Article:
Anna Pavord

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Season's greetings: Anna Pavord takes us on a loved-up tour of her reinvigorated garden

The point about spring is that it takes you by surprise. It's the basis of all enduring love affairs. You have the security of knowing roughly how the plot will play out, combined with the intriguing differences of each encounter. You think you know how it's going to be, but then it sweeps you off your feet all over again. I'm totally in love with the garden once more. The worse the winter, the better the arrival of spring. That is certainly true, and down here in the West Country we've had a humdinger of a winter. Hideous in every respect. I only walked up the bank twice in three months – once to look at the damage caused by a fallen tree, once to see if some special snowdrops had come up. They hadn't.

Weekend work: Time to cut back acacia

WHAT TO DO

What they lack in form and substance, clematis make up for in brilliant, bountiful flowers

Choose your favourite variety and get planting, says Anna Pavord

Gardening: It's time to start sowing spinach, broccoli and cabbage

Last month, vegetable gardeners may have been able to get their broad beans in, as well as their onion sets. This month you could be sowing beetroot, carrots, chard, parsnips, peas, radish, spinach and spring onions. If the soil is workable and not too wet, all these can be sown direct into the ground outside. Under cover you might sow borlotti beans, French beans and runner beans, celeriac, courgettes, cucumber, leeks, pumpkins and squash of various kinds, sweetcorn and tomatoes as well as a wide range of salad crops.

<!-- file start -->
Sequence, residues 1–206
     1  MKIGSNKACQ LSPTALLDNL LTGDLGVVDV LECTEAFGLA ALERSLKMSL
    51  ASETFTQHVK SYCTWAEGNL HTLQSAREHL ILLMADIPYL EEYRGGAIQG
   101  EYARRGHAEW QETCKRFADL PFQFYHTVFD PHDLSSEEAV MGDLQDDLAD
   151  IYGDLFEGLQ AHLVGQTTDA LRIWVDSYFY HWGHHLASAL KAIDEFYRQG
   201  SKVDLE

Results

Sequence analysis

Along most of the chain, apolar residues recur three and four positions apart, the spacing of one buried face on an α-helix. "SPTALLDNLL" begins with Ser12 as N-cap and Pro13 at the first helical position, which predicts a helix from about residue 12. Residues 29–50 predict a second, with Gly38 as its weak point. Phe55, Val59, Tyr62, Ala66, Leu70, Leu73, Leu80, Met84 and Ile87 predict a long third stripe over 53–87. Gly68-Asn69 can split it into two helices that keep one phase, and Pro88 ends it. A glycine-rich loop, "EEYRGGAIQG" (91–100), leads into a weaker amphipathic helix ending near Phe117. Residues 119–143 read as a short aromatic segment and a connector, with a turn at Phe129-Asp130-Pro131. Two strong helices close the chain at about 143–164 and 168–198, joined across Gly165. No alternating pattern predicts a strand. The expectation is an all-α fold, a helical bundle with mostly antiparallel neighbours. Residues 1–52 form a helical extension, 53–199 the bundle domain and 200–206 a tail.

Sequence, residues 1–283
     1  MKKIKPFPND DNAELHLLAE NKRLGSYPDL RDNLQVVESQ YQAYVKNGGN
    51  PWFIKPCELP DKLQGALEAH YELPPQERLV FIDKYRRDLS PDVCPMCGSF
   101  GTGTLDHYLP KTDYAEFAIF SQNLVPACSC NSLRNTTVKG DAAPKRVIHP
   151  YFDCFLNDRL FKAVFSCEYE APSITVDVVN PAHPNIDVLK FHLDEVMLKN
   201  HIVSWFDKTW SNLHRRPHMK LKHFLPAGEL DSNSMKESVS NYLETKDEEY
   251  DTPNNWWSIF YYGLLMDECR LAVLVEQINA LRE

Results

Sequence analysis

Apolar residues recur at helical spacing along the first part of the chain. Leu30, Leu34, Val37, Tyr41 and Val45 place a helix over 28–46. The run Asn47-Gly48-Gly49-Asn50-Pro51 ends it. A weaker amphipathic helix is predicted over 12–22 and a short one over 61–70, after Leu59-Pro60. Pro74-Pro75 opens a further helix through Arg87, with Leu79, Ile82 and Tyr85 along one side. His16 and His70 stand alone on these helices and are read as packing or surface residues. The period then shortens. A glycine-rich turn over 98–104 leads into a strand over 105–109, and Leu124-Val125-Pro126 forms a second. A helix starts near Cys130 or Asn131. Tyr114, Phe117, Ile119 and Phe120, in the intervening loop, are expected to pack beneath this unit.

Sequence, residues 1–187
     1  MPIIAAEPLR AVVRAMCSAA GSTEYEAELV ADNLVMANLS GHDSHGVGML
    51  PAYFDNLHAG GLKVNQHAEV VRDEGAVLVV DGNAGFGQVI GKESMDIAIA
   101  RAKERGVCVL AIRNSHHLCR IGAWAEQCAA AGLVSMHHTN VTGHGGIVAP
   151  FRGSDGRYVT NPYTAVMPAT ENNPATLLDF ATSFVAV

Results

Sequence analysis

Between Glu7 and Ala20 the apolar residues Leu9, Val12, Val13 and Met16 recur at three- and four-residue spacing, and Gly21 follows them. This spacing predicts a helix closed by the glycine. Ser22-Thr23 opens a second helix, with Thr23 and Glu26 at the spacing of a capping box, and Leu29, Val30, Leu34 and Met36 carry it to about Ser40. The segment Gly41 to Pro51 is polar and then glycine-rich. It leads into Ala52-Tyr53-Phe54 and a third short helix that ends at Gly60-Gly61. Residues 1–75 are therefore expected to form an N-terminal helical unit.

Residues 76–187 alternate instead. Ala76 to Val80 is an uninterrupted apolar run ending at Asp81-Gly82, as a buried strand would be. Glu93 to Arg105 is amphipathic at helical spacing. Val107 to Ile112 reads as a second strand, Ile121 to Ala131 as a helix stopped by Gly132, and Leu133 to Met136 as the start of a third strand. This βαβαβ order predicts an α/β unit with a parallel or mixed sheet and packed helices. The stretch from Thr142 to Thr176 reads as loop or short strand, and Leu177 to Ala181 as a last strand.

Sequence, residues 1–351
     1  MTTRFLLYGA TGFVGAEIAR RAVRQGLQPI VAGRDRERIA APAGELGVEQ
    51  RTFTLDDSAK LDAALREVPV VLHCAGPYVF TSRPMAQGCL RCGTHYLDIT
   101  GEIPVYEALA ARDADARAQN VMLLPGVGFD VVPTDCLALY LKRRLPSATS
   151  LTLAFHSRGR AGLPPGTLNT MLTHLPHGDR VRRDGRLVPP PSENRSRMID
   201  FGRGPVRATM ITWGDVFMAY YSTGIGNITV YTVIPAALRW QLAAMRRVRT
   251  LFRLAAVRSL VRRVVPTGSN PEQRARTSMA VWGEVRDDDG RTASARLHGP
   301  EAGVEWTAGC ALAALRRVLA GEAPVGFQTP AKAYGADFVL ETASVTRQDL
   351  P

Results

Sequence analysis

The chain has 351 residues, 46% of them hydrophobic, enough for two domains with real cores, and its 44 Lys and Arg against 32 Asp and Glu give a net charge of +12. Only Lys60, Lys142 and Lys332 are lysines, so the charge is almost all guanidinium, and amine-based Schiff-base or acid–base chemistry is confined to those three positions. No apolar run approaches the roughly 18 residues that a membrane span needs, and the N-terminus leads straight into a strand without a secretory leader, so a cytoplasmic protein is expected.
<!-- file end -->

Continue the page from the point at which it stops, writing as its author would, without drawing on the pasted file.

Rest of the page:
Natural History Museum's Wildlife Garden opens for National Gardens Scheme

Gardens to visit this weekend include the Wildlife Garden at the Natural History Museum, Cromwell Road, London SW7, which opens for the National Gardens Scheme today (12-5pm); admission by donation. Set up in 1995, the garden is made up of different habitats representing deciduous woodland, heathland, meadow and ponds.

Weekend work: Time to spray apple and pear trees

WHAT TO DO

All tooled up: The essential equipment needed for gardening hasn't changed for centuries

A good thing too, says our green-fingered correspondent

Tina has won wildlife prizes for her patch

National Garden Scheme: Ponds take centre stage in a prize-winning Dorset patch

The dawn chorus is at maximum decibels (thank you rooks for the bass notes – they are the best bits), the first brimstone butterfly has made its wobbly way towards the primroses, and huge bumblebees are fumbling around in the pink flowers of the nectarine, which is in full flower against the wall inside the greenhouse. I'm not going to stick my neck out and say it must be spring, but at least the temperature is gradually crawling up beyond 12C. The year is on the move.

How to grow herbs from seed on your windowsill

Just follow these top tips from our green-fingered correspondent

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